Predicting seizure control: Cortical excitability and antiepileptic medication
Article first published online: 20 JUL 2009
Copyright © 2010 American Neurological Association
Annals of Neurology
Volume 67, Issue 1, pages 64–73, January 2010
How to Cite
Badawy, R. A. B., Macdonell, R. A. L., Berkovic, S. F., Newton, M. R. and Jackson, G. D. (2010), Predicting seizure control: Cortical excitability and antiepileptic medication. Ann Neurol., 67: 64–73. doi: 10.1002/ana.21806
- Issue published online: 23 FEB 2010
- Article first published online: 20 JUL 2009
- Accepted manuscript online: 20 JUL 2009 12:00AM EST
- Manuscript Accepted: 10 JUL 2009
- Manuscript Revised: 29 JUN 2009
- Manuscript Received: 13 FEB 2009
Approximately 30% of patients with newly diagnosed epilepsy do not respond to antiepileptic drugs (AEDs), but this is not predictable. We used transcranial magnetic stimulation to determine the effect of AEDs on cortical excitability in patients with epilepsy and correlated this with a successful response to treatment.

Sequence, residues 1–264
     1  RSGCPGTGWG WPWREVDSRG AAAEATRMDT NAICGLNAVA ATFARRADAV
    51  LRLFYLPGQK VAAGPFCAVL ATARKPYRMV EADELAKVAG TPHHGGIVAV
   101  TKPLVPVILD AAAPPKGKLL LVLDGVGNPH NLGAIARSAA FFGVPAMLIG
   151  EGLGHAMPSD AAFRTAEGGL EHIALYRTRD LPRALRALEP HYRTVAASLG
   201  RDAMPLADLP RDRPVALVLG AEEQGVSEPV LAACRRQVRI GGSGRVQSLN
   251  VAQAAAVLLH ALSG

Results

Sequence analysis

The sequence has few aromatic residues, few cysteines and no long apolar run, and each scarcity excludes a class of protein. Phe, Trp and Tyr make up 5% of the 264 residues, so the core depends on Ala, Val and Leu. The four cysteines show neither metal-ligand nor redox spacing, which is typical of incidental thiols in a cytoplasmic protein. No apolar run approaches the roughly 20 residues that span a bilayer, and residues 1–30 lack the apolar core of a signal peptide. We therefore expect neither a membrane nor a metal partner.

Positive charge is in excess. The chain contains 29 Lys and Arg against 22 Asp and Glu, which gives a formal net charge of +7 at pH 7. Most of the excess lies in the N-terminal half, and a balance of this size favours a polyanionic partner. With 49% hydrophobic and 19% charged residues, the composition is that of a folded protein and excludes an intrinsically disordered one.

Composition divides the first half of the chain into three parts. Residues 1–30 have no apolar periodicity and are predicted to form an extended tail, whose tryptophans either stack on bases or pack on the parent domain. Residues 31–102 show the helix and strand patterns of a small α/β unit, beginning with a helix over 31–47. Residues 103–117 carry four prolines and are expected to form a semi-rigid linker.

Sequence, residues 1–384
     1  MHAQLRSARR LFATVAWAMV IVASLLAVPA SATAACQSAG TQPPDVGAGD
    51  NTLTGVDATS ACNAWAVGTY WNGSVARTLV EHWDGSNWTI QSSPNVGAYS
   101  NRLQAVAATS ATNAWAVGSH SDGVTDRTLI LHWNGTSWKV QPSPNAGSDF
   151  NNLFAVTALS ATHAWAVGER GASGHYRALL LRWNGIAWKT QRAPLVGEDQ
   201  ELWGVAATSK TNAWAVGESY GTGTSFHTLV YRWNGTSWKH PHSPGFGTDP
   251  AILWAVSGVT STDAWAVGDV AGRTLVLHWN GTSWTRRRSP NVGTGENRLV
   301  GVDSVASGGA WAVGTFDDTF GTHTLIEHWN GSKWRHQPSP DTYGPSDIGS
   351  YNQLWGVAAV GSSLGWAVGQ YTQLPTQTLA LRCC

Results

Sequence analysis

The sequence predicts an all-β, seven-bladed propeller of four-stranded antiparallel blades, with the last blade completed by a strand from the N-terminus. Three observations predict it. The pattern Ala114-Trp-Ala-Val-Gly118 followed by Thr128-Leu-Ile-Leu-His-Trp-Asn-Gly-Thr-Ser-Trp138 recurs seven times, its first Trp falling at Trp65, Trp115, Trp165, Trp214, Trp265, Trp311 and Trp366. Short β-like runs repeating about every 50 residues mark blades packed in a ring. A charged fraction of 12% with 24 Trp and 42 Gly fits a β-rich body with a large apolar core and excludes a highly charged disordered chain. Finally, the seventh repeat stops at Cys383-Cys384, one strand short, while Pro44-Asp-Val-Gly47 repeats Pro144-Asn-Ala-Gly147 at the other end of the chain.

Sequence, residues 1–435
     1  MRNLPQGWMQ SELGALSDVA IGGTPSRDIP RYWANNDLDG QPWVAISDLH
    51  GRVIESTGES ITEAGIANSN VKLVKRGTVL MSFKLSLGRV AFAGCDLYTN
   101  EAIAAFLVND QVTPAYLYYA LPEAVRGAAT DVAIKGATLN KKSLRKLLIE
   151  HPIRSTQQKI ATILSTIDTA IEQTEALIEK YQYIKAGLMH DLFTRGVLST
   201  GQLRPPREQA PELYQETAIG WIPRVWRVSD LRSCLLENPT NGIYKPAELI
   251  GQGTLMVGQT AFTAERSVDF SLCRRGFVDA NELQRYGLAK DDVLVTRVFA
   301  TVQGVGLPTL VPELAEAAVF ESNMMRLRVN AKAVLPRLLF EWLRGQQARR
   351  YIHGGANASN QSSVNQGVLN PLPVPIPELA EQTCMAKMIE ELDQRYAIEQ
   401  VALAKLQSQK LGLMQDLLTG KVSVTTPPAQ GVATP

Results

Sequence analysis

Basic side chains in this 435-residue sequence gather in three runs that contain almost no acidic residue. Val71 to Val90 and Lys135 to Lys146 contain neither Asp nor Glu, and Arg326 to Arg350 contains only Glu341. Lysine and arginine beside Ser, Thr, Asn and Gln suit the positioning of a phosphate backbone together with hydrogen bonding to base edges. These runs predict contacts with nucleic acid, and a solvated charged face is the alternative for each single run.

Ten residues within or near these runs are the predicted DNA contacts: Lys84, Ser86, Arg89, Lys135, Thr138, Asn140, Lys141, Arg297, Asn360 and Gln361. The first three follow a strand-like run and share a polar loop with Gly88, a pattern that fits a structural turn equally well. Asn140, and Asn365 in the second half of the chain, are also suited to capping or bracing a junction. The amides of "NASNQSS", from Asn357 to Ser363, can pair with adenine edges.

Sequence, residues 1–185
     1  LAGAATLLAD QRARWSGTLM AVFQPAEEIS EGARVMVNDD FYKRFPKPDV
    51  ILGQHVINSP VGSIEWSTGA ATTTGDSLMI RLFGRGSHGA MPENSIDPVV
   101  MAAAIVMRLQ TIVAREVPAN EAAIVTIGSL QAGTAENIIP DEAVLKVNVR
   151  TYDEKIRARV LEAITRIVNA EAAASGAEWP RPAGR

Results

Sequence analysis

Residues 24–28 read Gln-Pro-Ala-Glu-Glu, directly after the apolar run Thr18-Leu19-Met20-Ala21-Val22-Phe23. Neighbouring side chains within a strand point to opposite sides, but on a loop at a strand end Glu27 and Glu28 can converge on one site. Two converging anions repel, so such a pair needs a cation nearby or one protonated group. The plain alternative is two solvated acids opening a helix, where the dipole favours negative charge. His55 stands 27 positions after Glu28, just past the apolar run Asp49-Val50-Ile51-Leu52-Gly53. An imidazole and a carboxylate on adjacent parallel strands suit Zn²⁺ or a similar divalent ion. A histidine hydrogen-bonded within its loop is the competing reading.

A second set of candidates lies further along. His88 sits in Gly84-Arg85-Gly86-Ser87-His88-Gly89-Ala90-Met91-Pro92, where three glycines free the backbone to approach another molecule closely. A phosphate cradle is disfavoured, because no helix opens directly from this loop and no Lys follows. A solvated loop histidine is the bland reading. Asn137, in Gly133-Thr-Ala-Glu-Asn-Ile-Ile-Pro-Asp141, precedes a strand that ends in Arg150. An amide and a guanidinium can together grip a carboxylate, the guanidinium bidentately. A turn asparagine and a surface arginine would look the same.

Ninety-nine drug-naïve patients with newly diagnosed epilepsy (55 idiopathic generalized epilepsy, 44 focal epilepsy) were evaluated. Motor threshold and cortical excitability on recovery curve analysis were measured before and 4 to 16 weeks after starting medication. After 1 year of treatment, 43 of 55 idiopathic generalized epilepsy and 26 of 44 focal epilepsy patients were seizure free.
A decrease in cortical excitability occurred in the seizure-free group as indicated by an increase in motor threshold (p < 0.05) and intracortical inhibition on recovery curve analysis, maximum at the 250-millisecond interstimulus interval (p < 0.01) compared with pretreatment values. These changes were not present in the group with ongoing seizures.
Seizure freedom is marked by a reduction in transcranial magnetic stimulation measures of cortical excitability, evident shortly after beginning therapy. This virtual normalization of cortical excitability occurred regardless of the seizure characteristics or AED used. Failure to show this response to AED treatment may be valuable as an early predictor of pharmacoresistance in individual patients. ANN NEUROL 2010;67:64–73